Four Stages of Teacher Preparation
The goal of the Education Department is to assist students as they move through stages that we believe are developmentally appropriate in the process of becoming effective teachers. There are four distinct phases that correlate to specific course work in the department.
Learning to observe and to listen carefully are important skills, both in Cornell classes and in observations in the public schools, which are developed and refined in the following courses:
- EDU 205 Historical Foundations of Education
- EDU 215 Educational Psychology
- EDU 230 Exceptional Learner
- EDU 240 Education and Culture
In this stage, teacher preparation candidates have multiple opportunities to plan, deliver and evaluate their own lessons, as well as to assess the learning of their students. Cornell students are assessed by their mentor teachers as well as their Cornell professors. Courses in Stage 2 are:
- EDU 314 Elementary Mathematics
- EDU 317 Elementary Science and Social Studies
- EDU 318 Elementary Language Arts and Reading
- EDU 319 Children's Literature
- EDU 322 Secondary Arts, Languages, and Adolescent Literature
- EDU 324 Secondary Mathematics, Science, and Social Studies
- EDU 328 Reading in the Content Area
- INT 121 Communication and Education
- INT 310 Theoretical Foundations in Elementary School Mathematics
- INT 320 Interdisciplinary Theory and Practice for the Elementary Classroom
The student teaching experience gives teacher candidates many opportunities to apply knowledge from previous coursework and field experience in full-time classroom assignments. The student teacher plans age and developmentally appropriate lessons in each discipline in cooperation with the mentor teacher. Each teacher candidate must complete sixteen consecutive weeks of full time student teaching.
- EDU 410 Elementary or Secondary Student Teaching
- EDU 420 Elementary or Secondary Student Teaching
- EDU 430 Elementary or Secondary Student Teaching
- EDU 440 Elementary or Secondary Student Teaching
- EDU 483 Senior Seminar
Out of Area Student Teaching Policy/Procedures
Cornell students must request an Out of Area student teaching assignment during January of their junior year; if the request is for the Chicago Center, the request must meet the deadline established in the Catalogue (February 1st of the junior year). If the request is for a city outside the Cornell/Cedar Rapids/Iowa City area but not through the Chicago Center, the following guidelines will be followed.
- The request must be made before February 1st of the student's junior year.
- The student must make this request in writing and state the pedagogical as well as practical reasons for the request.
- The student is required to suggest a school and mentor teacher. Normally, the request will be denied unless a member of the education faculty is personally aware of the teaching conditions present in the suggested school. The Cornell education faculty must know the supervisors involved or become convinced that the school personnel in question are qualified and willing to abide by Cornell's policies. There must be both a mentor and supervising teacher to work with the Cornell student teacher.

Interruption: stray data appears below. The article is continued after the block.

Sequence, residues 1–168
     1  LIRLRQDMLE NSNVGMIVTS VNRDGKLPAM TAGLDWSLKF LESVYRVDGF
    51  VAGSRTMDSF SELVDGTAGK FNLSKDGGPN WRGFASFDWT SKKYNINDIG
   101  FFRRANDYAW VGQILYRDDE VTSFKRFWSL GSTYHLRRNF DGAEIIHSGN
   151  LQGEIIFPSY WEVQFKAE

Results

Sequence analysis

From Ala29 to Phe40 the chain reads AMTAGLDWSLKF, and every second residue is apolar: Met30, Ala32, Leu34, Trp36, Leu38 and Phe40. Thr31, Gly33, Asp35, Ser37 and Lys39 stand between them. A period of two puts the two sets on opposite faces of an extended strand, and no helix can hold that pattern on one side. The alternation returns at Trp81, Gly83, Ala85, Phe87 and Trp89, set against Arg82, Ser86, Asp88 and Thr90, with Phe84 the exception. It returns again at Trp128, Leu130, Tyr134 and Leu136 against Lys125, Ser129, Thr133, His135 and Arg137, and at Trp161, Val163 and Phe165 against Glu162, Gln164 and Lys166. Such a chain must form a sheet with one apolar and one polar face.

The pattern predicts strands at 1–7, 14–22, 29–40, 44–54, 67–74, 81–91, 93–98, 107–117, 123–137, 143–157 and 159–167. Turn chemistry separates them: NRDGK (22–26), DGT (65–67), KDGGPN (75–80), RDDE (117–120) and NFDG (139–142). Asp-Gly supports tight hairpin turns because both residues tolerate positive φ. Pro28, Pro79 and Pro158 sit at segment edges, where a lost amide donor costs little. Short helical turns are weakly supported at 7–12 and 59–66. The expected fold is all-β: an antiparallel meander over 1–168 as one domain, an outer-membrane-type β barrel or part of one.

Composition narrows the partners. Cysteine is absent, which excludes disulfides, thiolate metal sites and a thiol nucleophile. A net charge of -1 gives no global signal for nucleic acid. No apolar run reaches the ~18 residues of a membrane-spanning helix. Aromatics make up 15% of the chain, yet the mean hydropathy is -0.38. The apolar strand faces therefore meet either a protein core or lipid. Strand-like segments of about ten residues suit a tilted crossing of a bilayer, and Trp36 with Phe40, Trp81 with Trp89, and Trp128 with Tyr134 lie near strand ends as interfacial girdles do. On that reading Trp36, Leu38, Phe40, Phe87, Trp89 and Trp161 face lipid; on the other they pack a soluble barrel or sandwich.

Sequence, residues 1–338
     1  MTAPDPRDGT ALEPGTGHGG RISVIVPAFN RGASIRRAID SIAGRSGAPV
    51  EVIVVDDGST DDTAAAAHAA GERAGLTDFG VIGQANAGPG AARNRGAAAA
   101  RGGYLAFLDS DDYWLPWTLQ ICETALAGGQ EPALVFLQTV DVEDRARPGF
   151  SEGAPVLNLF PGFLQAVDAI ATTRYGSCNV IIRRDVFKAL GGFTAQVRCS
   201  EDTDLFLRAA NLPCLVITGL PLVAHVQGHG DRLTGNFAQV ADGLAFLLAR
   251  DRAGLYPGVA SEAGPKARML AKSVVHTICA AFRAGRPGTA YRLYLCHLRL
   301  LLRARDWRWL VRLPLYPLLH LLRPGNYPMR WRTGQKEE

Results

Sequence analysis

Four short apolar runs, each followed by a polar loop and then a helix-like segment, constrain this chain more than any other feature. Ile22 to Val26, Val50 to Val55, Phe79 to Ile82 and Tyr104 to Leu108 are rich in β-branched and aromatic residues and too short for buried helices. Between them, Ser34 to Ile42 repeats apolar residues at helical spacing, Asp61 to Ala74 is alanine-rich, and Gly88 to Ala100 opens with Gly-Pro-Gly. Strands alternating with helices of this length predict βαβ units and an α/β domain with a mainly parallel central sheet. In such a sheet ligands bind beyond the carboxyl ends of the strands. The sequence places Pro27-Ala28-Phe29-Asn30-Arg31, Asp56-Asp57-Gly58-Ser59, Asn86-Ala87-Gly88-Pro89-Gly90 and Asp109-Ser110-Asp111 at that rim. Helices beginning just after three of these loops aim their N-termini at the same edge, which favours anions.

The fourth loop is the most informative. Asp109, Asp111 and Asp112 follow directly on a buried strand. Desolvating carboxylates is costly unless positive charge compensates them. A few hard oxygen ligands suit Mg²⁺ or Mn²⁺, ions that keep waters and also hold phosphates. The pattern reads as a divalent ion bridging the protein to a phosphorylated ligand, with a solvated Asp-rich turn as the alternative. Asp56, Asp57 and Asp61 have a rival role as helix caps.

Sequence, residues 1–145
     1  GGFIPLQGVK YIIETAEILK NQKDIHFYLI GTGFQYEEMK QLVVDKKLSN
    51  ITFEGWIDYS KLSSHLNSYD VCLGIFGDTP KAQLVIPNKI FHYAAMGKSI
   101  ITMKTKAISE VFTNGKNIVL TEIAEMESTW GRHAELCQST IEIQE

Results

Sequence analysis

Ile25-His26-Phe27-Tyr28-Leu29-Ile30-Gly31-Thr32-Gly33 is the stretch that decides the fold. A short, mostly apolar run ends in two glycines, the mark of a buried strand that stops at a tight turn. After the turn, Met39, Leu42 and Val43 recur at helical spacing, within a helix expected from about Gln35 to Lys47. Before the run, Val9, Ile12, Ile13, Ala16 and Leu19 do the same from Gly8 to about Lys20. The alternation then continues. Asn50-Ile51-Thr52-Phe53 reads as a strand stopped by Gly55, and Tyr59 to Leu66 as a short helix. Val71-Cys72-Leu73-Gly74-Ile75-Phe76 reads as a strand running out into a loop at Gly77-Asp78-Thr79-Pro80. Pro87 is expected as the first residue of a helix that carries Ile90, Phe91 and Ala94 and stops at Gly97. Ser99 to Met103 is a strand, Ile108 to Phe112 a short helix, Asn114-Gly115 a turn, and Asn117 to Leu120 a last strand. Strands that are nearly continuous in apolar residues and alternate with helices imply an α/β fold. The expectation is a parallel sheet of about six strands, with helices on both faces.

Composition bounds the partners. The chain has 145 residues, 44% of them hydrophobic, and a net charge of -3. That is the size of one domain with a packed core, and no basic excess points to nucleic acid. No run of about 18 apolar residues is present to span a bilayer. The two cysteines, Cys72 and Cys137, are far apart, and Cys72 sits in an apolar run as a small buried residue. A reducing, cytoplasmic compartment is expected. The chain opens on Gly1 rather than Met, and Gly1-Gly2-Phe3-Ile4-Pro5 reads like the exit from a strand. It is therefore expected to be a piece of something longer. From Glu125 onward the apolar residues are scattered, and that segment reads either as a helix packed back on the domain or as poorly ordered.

- By college policy, there is no reduction in tuition or room costs for those who student teach in this manner. It is possible to petition the Dean of Students for relief in this area.
- All other catalogue and Education Department regulations apply. The education faculty, speaking through the Department Chair, approves or disapproves all requests for out-of-the-area student teaching assignments. Requests are not encouraged and only extraordinary circumstances will be considered.
- When out of area student teaching is approved (other than the Chicago Center), there will be an additional cost to the student. Normally, the exact increased cost to the college will be determined and added to the student's college bill. This could be approximately $1000.00.
The Cornell-Cedar Rapids-Iowa City Area and the Chicago Center provide a wide variety of school experiences for student teachers. Teaching in these areas places the student teacher under the direct supervision of Cornell and Chicago Center faculty. The Education Department believes these conditions best serve Cornell students and only under exceptional circumstances will alternatives be approved.
Reflection and professional development run throughout the program and culminate in EDU 483 Senior Seminar. In this course candidates have time to reflect on their own experiences and knowledge of the public school. Critical examination of current educational controversies, reform ideas, ethical considerations, legal questions, and teaching and administrative problems facing the modern American public schools form the foundation for discussion. A professional portfolio and a five year professional development plan are required.